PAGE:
In theory, Google shouldn’t penalize a site for a short downtime. But if the bot fails to cache a copy of the site, its rankings can suffer.  In this case, even a few hours of downtime can be very bad for your SERP position – to say nothing of longer periods. And that means damage to your PR efforts. Say, you created a beautiful blog post that could do miracles for your public relations. Only it ended up somewhere on page 5 because your site was down. Painful, right?

Of course, it’s impossible to have 100% uptime: all servers have outages and sometimes require maintenance. But what’s the percentage to aim for? Many hosting companies will promise you 99.99%, but few will deliver. In general, anything above 99.95% is good. It means that you’ll experience between 7 or 8 minutes of downtime every 24 hours. 


Credits: HRank.com

Downtime breeds negativity and resentment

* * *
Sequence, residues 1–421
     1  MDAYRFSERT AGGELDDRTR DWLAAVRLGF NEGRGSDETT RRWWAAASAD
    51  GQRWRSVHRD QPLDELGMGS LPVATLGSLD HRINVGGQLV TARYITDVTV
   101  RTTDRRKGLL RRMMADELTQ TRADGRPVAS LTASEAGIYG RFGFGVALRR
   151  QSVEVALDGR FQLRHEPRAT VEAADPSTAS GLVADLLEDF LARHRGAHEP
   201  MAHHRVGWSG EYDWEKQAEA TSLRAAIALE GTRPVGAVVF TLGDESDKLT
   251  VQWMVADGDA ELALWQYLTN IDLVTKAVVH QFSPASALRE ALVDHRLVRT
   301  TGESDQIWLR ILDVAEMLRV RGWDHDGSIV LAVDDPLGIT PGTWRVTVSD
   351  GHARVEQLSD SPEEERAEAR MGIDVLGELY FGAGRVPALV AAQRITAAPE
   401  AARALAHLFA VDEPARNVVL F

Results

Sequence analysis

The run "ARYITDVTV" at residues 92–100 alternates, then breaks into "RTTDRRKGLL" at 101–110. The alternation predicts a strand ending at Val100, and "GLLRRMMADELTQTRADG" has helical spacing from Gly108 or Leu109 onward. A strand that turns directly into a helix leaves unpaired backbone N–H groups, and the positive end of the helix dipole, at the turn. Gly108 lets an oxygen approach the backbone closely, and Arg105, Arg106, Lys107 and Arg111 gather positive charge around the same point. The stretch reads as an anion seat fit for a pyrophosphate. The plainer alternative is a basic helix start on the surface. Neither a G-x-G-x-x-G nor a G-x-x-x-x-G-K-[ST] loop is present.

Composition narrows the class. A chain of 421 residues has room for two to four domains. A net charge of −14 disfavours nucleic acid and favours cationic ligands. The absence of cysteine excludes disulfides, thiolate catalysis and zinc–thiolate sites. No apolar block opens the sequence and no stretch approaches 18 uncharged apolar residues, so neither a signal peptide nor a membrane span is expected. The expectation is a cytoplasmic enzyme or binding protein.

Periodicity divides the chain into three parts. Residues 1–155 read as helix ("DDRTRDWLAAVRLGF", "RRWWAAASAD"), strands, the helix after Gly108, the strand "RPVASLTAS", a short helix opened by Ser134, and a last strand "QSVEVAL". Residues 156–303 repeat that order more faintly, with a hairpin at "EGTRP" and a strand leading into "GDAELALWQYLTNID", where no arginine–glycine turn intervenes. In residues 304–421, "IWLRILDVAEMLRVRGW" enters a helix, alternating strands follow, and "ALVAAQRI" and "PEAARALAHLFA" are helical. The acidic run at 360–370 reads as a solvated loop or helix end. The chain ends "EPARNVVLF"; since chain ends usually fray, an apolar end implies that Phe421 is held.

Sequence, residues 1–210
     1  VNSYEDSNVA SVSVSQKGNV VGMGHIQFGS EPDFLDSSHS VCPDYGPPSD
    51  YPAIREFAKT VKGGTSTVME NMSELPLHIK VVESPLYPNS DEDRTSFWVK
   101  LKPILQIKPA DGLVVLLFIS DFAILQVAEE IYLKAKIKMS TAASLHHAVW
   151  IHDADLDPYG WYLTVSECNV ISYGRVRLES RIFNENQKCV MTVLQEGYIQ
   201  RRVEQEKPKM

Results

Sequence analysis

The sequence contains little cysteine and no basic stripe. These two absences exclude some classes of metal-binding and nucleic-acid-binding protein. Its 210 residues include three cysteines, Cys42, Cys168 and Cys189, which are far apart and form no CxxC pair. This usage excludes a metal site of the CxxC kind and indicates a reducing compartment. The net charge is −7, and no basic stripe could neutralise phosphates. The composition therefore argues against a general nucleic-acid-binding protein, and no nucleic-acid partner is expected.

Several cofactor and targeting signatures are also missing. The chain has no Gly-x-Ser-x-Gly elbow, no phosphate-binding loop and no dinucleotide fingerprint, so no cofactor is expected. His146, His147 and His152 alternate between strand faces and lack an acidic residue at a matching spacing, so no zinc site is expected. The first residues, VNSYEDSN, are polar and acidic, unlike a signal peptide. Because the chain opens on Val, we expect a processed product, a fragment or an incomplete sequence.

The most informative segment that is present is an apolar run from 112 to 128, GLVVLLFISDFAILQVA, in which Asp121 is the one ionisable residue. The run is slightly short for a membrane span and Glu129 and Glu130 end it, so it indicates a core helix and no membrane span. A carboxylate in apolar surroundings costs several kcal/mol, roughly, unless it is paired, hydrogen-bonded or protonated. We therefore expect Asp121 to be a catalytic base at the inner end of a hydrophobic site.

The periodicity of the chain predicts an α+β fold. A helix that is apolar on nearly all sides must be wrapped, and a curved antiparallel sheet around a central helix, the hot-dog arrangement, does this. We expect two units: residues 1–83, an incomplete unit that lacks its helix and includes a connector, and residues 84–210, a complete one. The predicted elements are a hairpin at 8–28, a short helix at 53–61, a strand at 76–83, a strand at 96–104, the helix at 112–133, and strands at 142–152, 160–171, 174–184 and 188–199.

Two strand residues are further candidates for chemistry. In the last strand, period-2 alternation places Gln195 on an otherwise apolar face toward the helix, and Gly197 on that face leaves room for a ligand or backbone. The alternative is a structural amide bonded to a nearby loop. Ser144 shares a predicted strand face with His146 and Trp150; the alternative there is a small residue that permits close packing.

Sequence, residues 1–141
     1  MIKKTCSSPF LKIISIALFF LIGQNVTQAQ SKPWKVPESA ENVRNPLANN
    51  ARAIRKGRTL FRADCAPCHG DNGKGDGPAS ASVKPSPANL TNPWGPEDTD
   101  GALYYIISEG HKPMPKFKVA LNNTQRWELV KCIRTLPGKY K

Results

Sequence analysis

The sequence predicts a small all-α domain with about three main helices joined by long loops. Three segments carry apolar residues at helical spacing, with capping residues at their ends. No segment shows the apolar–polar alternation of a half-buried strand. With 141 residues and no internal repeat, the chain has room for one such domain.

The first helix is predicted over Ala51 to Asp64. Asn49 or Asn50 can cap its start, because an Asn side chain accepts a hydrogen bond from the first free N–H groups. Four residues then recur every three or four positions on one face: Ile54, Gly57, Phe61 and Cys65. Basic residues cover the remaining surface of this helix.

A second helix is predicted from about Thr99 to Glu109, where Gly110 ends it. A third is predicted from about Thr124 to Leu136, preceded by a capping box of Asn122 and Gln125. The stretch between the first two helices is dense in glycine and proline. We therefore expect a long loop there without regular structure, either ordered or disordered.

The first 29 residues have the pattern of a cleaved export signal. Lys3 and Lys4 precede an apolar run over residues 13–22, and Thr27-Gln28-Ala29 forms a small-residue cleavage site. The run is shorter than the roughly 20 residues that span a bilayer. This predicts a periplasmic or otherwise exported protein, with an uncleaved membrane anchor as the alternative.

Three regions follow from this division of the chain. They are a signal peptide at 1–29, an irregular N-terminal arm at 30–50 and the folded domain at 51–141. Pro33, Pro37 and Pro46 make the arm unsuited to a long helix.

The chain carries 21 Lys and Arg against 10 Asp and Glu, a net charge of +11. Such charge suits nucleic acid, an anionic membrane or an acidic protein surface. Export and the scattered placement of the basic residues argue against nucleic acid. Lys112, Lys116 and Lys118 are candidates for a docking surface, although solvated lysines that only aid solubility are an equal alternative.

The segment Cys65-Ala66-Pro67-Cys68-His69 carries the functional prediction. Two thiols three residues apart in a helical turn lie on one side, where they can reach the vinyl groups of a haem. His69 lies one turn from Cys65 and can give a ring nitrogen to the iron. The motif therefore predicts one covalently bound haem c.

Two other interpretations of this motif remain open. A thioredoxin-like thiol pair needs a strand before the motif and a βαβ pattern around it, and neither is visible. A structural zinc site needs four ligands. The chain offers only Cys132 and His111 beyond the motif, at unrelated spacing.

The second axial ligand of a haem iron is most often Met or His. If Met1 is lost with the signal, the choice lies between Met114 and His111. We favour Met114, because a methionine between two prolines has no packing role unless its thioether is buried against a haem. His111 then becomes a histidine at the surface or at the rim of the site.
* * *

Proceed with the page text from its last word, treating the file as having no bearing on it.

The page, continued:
What will a user think if they visit your site and see this?

In the best case scenario, they’ll think your page is simply down. They’ll leave – and probably never come back. 

In a slightly worse scenario, the user will get really annoyed – especially they repeatedly try to view your site. In that case, the visitor might take to Twitter and blast you there, creating an air of negativity around your brand. 

The worst is if the user thinks your company simply isn’t there anymore. If the site doesn’t respond, the business must be dead. You must’ve gone bankrupt. Users who jump to such rash conclusions and panic will probably go and write about it in social media or forums. Others might believe them. What can be worse for your PR?

Slow load speed is the enemy of good PR content

Page load speed is an important ranking factor for Google. This is because over half of all the traffic comes from mobile devices – and smartphone users don’t want to wait. Each second matters. Research shows that 25% of US users abandon a site if takes more than 4 seconds to load. Some experts even calculated that if Amazon’s response time was 1 second slower, they would lose $1.6 billion each year in sales. Impressive, isn’t it?